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Darasen
2002-Feb-20, 02:13 PM
I realize this probably a stupid question but it has been bugging me.
The universe starts with a “Big Bang” and super acceleration. The expansion then slows but the universe continues to expand and from what I understand the rate of expansion is increasing.
If my understanding of the sequence of events is correct it leaves me with following question. Doesn’t it take energy to change the acceleration of anything? Where does the energy to expand the universe come from? Isn’t the amount of energy in the universe a constant?

Probably silly questions but I can’t help but wonder.

Darasen

Wiley
2002-Feb-20, 03:29 PM
Actually, I think they are extraordinarily good questions. The answers, I believe, are no one knows.

That the expansion is acclerating has only been known for a few years. So theories like "dark energy" are understandably nascent.

SiriMurthy
2002-Feb-20, 04:11 PM
Boy, Excellent questions. Actually I was wondering myself (after reading Bad Astronomer's pages - somewhere on this site he mentions that the Universe is actually accelerating - I mean expanding with acceleration) how that can be possible. If anything, the universe should be expanding at constant rate, if not decelerating.

If the Universe is accelerating, then the galaxies should be slowly going out of shape, right? Does Newton's laws of motion still hold good in this situation?

/phpBB/images/smiles/icon_confused.gif

Another Phobos
2002-Feb-20, 04:25 PM
In a nutshell (at least as this nut understands it)...

The Big Bang occurred and space rapidly expanded.

Soon after this period of hyperinflation, the rate of expansion slowed. (Not sure why, but it seems to make sense that the energy supporting hyperinflation would dilute out as space got bigger.)

Space continues expanding for billions of years. Local gravitational fields (e.g., within a galaxy) overpower the expansion and there is no expansion at that level...just in the vast empty spaces between galaxies/galaxy clusters). Even in those empty spaces, gravity has some effect to reign-in the expansion of space.

Recent discovery - - the expansion of space may be accelerating. Hypothesis - - there is a 'dark energy' that is VERY weak...far weaker than gravity (which is already a very weak force). So, this dark energy...which pushes space apart...only becomes significant in the vast, vast intergalactic spaces where gravity is so low that this dark energy can start to overcome it.

Much more research is needed regarding this new finding. So, it remains a big question/uncertainty.

SiriMurthy
2002-Feb-20, 04:45 PM
On 2002-02-20 11:25, Another Phobos wrote:
In a nutshell (at least as this nut understands it)...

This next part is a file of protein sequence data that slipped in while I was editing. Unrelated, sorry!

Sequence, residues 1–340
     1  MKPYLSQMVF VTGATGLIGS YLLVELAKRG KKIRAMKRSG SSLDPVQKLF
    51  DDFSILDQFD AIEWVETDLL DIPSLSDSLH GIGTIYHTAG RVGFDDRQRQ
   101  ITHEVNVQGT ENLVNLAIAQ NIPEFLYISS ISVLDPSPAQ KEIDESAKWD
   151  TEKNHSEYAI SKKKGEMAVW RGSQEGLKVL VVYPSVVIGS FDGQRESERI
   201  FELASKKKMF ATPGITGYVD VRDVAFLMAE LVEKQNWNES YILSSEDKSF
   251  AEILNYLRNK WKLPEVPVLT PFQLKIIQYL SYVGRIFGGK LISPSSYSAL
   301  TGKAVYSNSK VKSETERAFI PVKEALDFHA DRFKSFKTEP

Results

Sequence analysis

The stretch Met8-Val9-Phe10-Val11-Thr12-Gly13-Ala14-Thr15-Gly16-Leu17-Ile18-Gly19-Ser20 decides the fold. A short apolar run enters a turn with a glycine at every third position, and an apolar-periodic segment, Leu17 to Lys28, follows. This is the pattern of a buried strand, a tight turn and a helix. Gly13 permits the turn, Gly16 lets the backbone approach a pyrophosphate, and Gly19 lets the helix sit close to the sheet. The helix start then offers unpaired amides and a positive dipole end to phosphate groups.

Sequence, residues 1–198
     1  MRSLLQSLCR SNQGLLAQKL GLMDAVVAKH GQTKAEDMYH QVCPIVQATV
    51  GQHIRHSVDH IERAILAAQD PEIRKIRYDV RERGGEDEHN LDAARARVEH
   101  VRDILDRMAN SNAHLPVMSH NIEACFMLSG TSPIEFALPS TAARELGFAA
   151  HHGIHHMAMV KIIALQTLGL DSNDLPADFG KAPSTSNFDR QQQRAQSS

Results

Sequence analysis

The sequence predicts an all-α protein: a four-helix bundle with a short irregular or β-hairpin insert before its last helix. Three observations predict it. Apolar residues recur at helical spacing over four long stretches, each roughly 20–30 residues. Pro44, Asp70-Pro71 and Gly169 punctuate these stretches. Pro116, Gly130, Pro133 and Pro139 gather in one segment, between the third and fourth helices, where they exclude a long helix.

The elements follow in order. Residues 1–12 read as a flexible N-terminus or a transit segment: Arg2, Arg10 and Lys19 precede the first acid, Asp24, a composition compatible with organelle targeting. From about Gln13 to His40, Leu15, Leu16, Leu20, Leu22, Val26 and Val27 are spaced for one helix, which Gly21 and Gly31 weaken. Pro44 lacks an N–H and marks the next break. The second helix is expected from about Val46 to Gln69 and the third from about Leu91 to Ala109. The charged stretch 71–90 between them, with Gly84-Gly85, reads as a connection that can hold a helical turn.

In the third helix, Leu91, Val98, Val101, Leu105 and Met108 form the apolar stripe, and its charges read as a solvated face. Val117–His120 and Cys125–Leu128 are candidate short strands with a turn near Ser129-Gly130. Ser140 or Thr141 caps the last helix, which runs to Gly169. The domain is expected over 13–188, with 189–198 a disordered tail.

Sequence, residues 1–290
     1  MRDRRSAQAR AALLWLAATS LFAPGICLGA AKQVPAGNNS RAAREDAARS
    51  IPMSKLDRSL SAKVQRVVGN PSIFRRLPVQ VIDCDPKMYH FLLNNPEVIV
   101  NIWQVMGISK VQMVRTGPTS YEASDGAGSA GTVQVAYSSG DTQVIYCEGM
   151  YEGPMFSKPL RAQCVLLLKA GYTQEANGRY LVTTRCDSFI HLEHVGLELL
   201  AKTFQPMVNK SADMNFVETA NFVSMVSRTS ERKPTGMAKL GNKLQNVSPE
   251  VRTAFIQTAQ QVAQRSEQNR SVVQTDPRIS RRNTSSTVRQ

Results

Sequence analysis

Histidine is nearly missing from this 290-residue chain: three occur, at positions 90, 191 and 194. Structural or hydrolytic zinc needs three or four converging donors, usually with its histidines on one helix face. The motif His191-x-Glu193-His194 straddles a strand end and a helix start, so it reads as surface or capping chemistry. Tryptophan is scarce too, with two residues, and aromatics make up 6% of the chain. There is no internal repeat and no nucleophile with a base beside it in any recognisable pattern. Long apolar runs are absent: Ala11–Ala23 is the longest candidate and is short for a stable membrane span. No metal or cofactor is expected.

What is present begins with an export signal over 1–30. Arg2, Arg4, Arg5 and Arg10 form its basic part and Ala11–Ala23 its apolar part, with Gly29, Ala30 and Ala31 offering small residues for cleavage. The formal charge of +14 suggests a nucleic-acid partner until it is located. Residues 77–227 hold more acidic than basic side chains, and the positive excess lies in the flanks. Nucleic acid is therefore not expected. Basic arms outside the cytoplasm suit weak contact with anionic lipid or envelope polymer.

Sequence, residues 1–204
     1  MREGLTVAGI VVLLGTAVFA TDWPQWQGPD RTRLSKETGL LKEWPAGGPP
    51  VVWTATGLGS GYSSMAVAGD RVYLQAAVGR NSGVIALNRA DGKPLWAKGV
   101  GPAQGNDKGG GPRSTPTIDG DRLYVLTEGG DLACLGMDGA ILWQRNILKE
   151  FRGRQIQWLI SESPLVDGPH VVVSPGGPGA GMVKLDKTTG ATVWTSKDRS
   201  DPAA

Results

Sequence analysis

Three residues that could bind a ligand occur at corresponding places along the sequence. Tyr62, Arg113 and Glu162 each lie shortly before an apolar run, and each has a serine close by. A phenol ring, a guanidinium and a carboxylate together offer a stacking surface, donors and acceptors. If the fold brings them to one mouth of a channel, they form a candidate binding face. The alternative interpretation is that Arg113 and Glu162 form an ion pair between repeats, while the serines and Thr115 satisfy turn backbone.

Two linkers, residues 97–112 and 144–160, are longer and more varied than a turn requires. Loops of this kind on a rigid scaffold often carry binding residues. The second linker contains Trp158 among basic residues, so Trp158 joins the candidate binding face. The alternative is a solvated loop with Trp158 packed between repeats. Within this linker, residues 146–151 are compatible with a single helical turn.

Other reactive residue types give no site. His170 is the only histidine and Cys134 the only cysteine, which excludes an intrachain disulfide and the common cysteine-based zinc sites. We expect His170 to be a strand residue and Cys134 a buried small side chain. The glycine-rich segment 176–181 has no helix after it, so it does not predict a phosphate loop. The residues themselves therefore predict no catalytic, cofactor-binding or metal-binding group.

Recent discovery - - the expansion of space may be accelerating. Hypothesis - - there is a 'dark energy' that is VERY weak...far weaker than gravity (which is already a very weak force). So, this dark energy...which pushes space apart...only becomes significant in the vast, vast intergalactic spaces where gravity is so low that this dark energy can start to overcome it.


I have read something about this "dark energy. You know, I wonder, if we just made up this term to explain something we don't know.

Wiley
2002-Feb-20, 04:53 PM
On 2002-02-20 11:45, SiriMurthy wrote:

I have read something about this "dark energy. You know, I wonder, if we just made up this term to explain something we don't know.


You could be right. It seems like anytime there's something we can't detect, we call it dark: dark energy, dark matter, dark side of the force.

This theory was obtain by waving dark hands.



<font size=-1>[ This Message was edited by: Wiley on 2002-02-20 11:55 ]</font>

Hale_Bopp
2002-Feb-20, 05:33 PM
If you can answer all these questions, you deserve a major prize /phpBB/images/smiles/icon_smile.gif I'll just give you a few things I have picked up along the way.

After the period of inflation, the expansion of the universe was slowing. After several billion years of a slowing expansion, the dark energy increased and led to the currently observed acceleration of the expansion.

Dark energy is thought to exist in all of space. The more space, the more dark energy. Since the expansion of the universe is actually an expansion of space, as the amount of space increases, so does the dark energy. Eventually there is enough dark energy to accelerate the expansion.

What about conservation of energy? Well, I admit to being very sketchy on the details, but I do know that energy is not conserved in general relativity for reasons that I do not understand. I am not sure how dark energy fits in with all this.

To make matters worse, I went to a very technical talk (that I followed only a fraction of) a couple of months ago that talked about the fact that there are actually two separate factors that contribute to the dark energy.

Now, the last point on this confusing topic, Kim Griest at the University of California at SanDiego recently published a paper proposing that the current acceleration of the expansion of the universe if just a phase, much like inflation was. She argues that there may be different types of fields that drive the expansion of the universe in different eras. The current era of inflation may end, and she does not rule out future eras of inflation.

So I guess that sort of sums up what I have been able to make of this puzzle over the last couple of years.

Rob

DStahl
2002-Feb-20, 09:17 PM
I have only a few fragments to add--I'm as puzzled as everyone else.

Minor point--the early inflationary era collapsed rather suddenly in most scenarios, and the force driving the exponential expansion during that era disappeared along with it...the universe was given an immense push, but after the first 10<sup>-10</sup> second or so expansion was no longer driven by the inflationary false vacuum physics.

Mor interesting point--The mass/energy of the universe can, in a sense, be placed on one side of an imaginary balance, and the potential gravitational energy of the universe be placed on the other side. Conventionally, we say the gravitational energy is negative. (I rather naively imagine that two masses, separated by distance x, would yield kinetic energy E<sub>1</sub> in falling together. If they move apart to distance 2x, then they yield kinetic energy E<sub>2</sub> > E<sub>1</sub>.) So I think that as the universe expands and centers of mass become more widely separated the gravitational potential energy of the universe reaches a larger (negative) value. Do the scales balance? Do they come close? I dunno!